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29 January 2004, 10:07 am
Sailors Revel In Multiple-Race Conditions
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© Nerney

Rolex Miami OCR
Miami

After weathering a severe squall on opening day, the Rolex Miami OCR benefited from a fresh, though shifty, westerly breeze yesterday, allowing the Olympic and Paralympic classes to sail multiple races and solidify positions at the event's halfway mark.
The event, which continues tomorrow and concludes Friday, has attracted 503 sailors from 39 nations.

Some of the athletes competing here have already been chosen for their nation's Olympic teams and have traveled to Miami for the traditionally intense competition the event offers. U.S. athletes in six of the classes - Europe, Finn, 49er, Star, Tornado and Yngling - are using the regatta as a tune-up for the Olympic Trials that will take place in South Florida over the next two months, determining who goes to Athens.

Tim WADLOW (USA) and Pete SPAULDING (USA) embraced the good fortune of today's five races in the 49er class. After posting a ninth in yesterday's single race, they rose through the ranks to first overall today on the merit of a first, three seconds and a third. "We were the most consistent team out there today," said Spaulding, "but we're seeing that different people are having good races at different times. The other U.S. teams are in the hunt in every race, so, yes, it's a very good tune-up for the Trials."

Also making it to the top of the scoreboard today were Mark REYNOLDS (USA) and Steve ERICKSON in the Star class, while the USA's 2004 Olympic representative in the Laser, Mark MENDELBLATT rose to second behind Norway's Peer MOBERG. "Moberg seems to be the man to beat this week," said Mendelblatt. "The competition gets better and better every year. There are five or six guys here who have a chance at medaling in the Olympics."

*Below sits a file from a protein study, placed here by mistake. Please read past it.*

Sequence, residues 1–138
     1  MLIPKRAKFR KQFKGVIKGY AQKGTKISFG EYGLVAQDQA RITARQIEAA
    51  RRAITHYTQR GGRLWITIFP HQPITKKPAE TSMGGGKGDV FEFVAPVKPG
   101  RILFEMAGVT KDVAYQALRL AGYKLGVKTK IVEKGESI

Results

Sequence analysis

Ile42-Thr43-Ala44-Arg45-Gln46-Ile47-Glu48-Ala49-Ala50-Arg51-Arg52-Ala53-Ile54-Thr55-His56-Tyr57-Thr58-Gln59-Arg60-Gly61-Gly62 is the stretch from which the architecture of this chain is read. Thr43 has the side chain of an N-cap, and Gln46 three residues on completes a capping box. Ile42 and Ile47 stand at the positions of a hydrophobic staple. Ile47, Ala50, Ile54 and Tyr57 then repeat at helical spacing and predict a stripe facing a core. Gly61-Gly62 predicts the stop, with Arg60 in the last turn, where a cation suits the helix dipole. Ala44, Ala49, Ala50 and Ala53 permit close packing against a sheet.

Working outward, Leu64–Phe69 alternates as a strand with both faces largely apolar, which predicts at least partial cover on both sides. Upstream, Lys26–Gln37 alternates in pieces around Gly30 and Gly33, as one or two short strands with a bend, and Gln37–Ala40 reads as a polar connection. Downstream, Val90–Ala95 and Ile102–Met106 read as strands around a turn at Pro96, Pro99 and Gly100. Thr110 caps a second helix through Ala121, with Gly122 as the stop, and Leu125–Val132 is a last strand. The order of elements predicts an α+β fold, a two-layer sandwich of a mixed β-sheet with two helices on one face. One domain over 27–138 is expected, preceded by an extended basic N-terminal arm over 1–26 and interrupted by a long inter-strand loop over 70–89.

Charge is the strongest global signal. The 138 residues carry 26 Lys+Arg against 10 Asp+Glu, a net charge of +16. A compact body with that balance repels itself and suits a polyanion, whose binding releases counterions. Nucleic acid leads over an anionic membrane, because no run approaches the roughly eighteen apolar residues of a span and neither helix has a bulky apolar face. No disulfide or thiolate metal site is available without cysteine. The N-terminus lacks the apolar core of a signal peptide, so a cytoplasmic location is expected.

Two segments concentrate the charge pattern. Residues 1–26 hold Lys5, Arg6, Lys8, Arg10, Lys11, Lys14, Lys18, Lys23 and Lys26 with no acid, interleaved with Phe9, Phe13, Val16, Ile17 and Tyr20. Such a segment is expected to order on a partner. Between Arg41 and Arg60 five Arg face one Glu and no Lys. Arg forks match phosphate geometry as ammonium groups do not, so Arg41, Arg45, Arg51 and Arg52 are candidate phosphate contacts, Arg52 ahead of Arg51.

In the Yngling fleet, six U.S. teams are competing, and the current US Rolex Yachtswoman of the Year Hannah SWETT (USA) sits in third behind yesterday's leader Sally BARKOW (USA), who allowed New Zealand's Sharon FERRIS to sneak by in the overall standings to lead.

"Everyone was up and down, because it was really shifty," said Swett. "It sure kept it interesting. It gave us a chance to check out the other American teams' speed. It's the Trials plus five or six more foreign boats."

Another Olympic hopeful, Kevin HALL (USA), who qualified the U.S. for its Finn Olympic berth at the 2003 world championship (finishing 27th), posted a 1-3-5-4 today to take third place behind Denmark's defending champion and fleet leader Jonas HOEGH CHRISTENSEN and 1996 Finn Olympic Gold medallist Mateus KUSZNIEREWICZ (POL), currently in second place overall. Hoegh Christensen and Kusznierewicz finished fourth and sixth, respectively, at the '03 worlds.

"Since the Finn Trials will be in Ft. Lauderdale in February, I have been training there since October," said Hall, who only announced his campaign last May after finishing his job with the OneWorld America's Cup campaign. "The conditions aren't the same here, but it's the quality of the racing…the benefit is that I'm sailing against some of the world's top Finn sailors." Right behind Hall in fourth is Geoff EWENSON (USA), who also plans to compete in the Trials.

Racing continues through Friday, January 30. Regatta Headquarters are located at the US Sailing Center in Coconut Grove. Other Hosts for the event are the Coral Reef, Key Biscayne and Miami Yacht Clubs; the Coconut Grove Sailing Club; and Shake-A-Leg Miami.
Barby MacGowan/MediaPro (As Amended by ISAF Secretariat)
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